Then watch this.
Then try to say they’re not the most brilliantly written songs you’ve heard today. You won’t be able to, because they’re objectively brilliant.
Think about it: Putting 171 countries and 50 states together in an order that (a) rhymes, (b) keeps to a beat and (c) doesn’t omit anything. Like, ANYTHING!
Sometimes, when we’re between projects, we try whipping one of these up for ourselves, y’know, to keep the fingers loose. One afternoon in our old building, we rhymed off everyone on the floor:
There’s Mel and Amy, Pam and Jen and Chris and Ian too.
There’s Gina, Lee and Wong and Tom and Grace the cockapoo.
Brooke and Jodi, Murf and Dan, Sara, Ron and Ryan
Shannon, Crissa, Steph and Bec, who’s young but really tryin’.
It was time well spent.
As is any time spent with the Animaniacs, like this ditty from Pinky & the Brain. Those two kill us.
It can be a greeting (Yo, guy!), an expression of excitement (Yo, that’s dope!), a shortening of “your” for effect (Yo mama), a request for a moment to formulate your thoughts (like these dudes do) and, of course, one half of the most frustrating toys ever invented. Seriously, do you know someone who can rock the cradle? We don’t.
But because we spend a lot (a la-hawt) of time on the Internet, we found what’s probably our favourite “yo” in the world, and it’s in Ulyanovsk, Russia, a city about halfway between Moscow and the Kazakhstani border.
The letter yo.
Yo (written as “ë”) is the 7th letter of the Cyrillic alphabet. As a piece of information, this isn’t terribly exciting. But what made us smile was finding out that there’s a monument to the letter in Ulyanovsk, home of Nikolai Karamzin who wrote the first complete history of Russia and was responsible for the creation of this letter in the late 18th century.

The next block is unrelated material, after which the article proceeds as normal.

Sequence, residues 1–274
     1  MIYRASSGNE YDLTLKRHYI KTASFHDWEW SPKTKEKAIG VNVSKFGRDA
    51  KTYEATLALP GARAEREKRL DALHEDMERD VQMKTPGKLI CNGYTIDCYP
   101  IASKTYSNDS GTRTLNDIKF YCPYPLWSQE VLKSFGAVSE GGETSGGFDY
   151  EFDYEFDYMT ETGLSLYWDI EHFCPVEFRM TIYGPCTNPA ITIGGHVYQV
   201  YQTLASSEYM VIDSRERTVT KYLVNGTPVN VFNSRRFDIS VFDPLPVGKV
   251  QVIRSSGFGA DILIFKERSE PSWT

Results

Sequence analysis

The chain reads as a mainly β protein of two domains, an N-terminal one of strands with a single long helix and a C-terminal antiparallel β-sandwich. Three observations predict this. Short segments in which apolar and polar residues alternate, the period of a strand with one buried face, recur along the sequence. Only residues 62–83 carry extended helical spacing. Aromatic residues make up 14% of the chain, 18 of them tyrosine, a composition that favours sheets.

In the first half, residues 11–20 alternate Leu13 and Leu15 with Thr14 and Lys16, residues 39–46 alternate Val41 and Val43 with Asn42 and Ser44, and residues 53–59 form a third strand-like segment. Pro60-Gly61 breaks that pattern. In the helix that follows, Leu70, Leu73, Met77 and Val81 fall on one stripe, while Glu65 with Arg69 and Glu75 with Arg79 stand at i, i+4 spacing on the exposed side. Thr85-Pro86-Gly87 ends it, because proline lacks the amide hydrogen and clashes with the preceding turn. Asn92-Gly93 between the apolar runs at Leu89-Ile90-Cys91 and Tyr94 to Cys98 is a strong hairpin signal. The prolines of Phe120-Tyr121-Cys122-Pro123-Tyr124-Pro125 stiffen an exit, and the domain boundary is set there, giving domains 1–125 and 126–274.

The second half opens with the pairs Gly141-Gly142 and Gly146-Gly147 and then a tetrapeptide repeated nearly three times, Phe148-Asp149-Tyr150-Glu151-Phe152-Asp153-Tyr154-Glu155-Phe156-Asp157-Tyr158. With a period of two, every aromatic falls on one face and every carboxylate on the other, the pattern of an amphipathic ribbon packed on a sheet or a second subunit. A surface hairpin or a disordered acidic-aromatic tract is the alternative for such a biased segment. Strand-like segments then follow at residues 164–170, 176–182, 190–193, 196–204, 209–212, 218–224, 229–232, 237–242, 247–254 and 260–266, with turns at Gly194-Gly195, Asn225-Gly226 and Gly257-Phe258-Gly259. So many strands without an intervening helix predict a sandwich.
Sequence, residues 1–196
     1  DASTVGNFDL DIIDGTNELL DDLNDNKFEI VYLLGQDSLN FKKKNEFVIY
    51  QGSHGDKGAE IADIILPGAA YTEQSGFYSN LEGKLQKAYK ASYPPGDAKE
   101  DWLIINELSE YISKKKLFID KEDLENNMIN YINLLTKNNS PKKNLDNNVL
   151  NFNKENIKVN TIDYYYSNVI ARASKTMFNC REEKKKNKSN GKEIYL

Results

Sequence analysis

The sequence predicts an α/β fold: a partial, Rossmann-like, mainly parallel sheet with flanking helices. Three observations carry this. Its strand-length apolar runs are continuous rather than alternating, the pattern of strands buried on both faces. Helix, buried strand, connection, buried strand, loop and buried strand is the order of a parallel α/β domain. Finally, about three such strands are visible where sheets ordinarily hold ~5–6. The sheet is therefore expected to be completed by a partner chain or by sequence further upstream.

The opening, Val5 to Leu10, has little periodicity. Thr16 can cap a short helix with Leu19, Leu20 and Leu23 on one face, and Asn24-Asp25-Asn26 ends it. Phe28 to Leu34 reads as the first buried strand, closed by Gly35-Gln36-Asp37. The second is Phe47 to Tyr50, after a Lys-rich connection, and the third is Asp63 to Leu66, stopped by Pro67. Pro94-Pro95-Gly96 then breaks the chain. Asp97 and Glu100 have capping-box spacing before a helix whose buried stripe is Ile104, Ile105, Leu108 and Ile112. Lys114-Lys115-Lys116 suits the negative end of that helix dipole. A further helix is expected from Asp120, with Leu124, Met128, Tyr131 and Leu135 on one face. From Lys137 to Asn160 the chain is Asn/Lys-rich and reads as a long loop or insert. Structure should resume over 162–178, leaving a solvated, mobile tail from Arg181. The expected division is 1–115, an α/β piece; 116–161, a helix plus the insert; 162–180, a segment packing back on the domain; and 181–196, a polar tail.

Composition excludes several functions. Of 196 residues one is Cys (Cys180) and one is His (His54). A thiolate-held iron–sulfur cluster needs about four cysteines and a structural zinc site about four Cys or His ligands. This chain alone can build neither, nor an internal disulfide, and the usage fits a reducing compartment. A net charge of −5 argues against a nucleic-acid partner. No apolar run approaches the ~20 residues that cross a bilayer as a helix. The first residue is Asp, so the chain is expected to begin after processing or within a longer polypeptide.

This got us thinking about what letters in our alphabet deserve a monument. Here are our top 5:
Y — Sometimes a vowel. Sometimes not. That’s some hardcore super power right there.
C — Sure, there’s the K and S properties of the letter, which is interesting. But C’s the combo king of our alphabet. “Cr,” “Cl,” “-ck,” “–ch.” If you get a C playing scrabble, start looking for combos. Yo’ options open right up.
K — Military people probably thought they were so smart when they came up with “ten-four,” a two-syllable sound that says, “I hear what you’re saying and I acknowledge what you’re saying.” Then K went ahead and did it in one syllable.
X — It can be 100 percent right (as in X marks the spot) or 100 percent wrong (as in an X next to an incorrect answer on an exam). Put three of them together and they can be 100% right and wrong at the same time.
R — We like pirates.
Volkswagen comes close. So does Nike. MasterCard hit a few out of the park. But from where we sit, nobody does it better than The Economist.
If you’ve never heard of The Economist, it’s a British current events magazine of the highest quality. It’s so eloquently written, so well-researched, so thorough in its reporting and so thoughtful in the stances it takes.
But it’s not for everyone because it assumes an educated reader. It doesn’t dumb anything down and it doesn’t pander.